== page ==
At PIQF, many more were looking at the unusual quilts than perusing the vendors.

Of course, I went every day to AQS, while I was only able to be at PIQF during the last hours on Sunday, therefore my commentary above may not be an accurate contrast.

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Thursday, October 9, 2008

Enough already with the picnic quilt

Photo: Here is the "picnic quilt" I previously showed draped over a chair; this gives a better idea of it, since that cell phone pic was fuzzy and orangish.

To take the photo, I laid the quilt on the floor, stood on a chair to take the picture, but still had a keyhole effect that I had to skew into squareness with Photoshop. I normally take pictures of my quilts by hanging them up on my shelves; that way the only photoshopping needed is to delete the background.

I am amazed at how OK the quilt looks, considering that I chose the fabrics in about ten minutes, and decided the layout without the aid of a design wall.

Since my new machine hasn't made it here yet (being shipped from 'Bama), I am holding off on quilting some of my finished quilt tops because my new machine will do it much better -- and because both the older machines I have at home need physical help. I took the Kenmore to the shop today for an overhaul. The very nice repair guy told me it was made by Janome. Janome is the hidden manufacturer behind a number of sewing machine brands, I understand.

Friday, October 3, 2008

A day in Amish country, continued

I see that my last emailed post was too long to get here in one piece, so here is the rest of it:

We had time to stop at Kings Korner, a favorite shop I have visited several times over the years, in addition to the quilt museum and store (also a favorite stop and where I have purchased quilt fabric in the past), and the main tourist location at the shopping center in Intercourse where even in the heart of do-it-yourself Amish country one finds most souvenirs are crafted in China. If I were purchasing, which I wasn't doing this trip, I'd make sure what I bought was locally made.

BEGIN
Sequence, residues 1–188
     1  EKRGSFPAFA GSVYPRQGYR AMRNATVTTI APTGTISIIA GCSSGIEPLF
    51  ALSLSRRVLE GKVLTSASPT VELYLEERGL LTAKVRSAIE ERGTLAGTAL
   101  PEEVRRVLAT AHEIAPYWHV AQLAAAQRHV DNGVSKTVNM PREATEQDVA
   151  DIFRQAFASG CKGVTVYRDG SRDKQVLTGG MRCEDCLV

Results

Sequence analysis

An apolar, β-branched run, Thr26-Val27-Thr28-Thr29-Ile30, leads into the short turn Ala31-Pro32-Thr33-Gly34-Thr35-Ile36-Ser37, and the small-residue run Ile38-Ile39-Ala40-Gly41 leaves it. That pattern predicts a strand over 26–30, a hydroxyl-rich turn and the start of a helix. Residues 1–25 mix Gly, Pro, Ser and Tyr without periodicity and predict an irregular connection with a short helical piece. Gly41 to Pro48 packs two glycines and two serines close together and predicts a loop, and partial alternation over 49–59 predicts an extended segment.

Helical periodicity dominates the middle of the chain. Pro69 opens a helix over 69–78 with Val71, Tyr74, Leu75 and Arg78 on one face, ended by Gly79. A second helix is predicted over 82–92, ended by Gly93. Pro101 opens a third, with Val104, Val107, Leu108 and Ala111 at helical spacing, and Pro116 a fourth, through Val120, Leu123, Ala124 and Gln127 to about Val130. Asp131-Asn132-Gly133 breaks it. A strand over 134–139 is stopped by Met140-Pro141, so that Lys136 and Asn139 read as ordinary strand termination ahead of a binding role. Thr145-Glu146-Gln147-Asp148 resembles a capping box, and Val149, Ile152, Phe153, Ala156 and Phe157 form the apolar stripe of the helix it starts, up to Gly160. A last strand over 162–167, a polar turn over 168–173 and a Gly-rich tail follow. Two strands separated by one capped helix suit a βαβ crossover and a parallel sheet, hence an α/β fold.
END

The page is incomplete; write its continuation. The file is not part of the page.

We stopped at a couple of the farms boasting "home made root beer" signs, hoping for root beer that was made from genuine sassafras, but it appears that such is not available these days.

Lunch was at Dienner's Restaurant/Buffet, a large and busy establishment a few miles from King's Korner. The selections were numerous and delicious, and I really don't need to eat again for three and a half days (she says as she tries to fasten the snap on her jeans).

A day in Amish country

Photo: Horses waiting to serve customers in Intercourse, PA.

Driving around Lancaster and Chester Counties, PA, is always an edifying adventure with sis-in-law Linda, because though she knows her starting point and destination, she makes the intervening turns purely on gut instinct, with an eye on the directional compass rather than a map. There are enough winding crossroads and between-farm breaks to make such a trip successful, and no big rivers to impede progress. I love these little driving adventures we have in that beautiful area of the country.


Some of the leaves are just beginning to turn, but we will miss the height of the color season by several weeks. The countryside is beautiful and green, with the multicropped Amish farms creating a huge quilt across the rolling land, much of the beans, corn, and alfafa ready for harvest.

Amish farmers guided their teams through the fields, standing on their harvest wagons or machinery. No sitting for them. As Linda says, these are Real Men; they've raised and trained the horses, planted and grown the crops, and have their teams of sometimes six horses under perfect control.

We saw numerous enclosed black buggies, each drawn by a single horse, scurrying along the two-lane highway, buffeted by passing traffic. A group of children played games in an Amish schoolyard, the little boys picturesque in their straw hats. An Amish or Mennonite woman made her way along the highway on a scooter that looked like it had been fashioned from a bicycle, one foot on the running board between the wheels, the other propelling her along. She carried a bag that appeared to contain goodies from a shopping trip.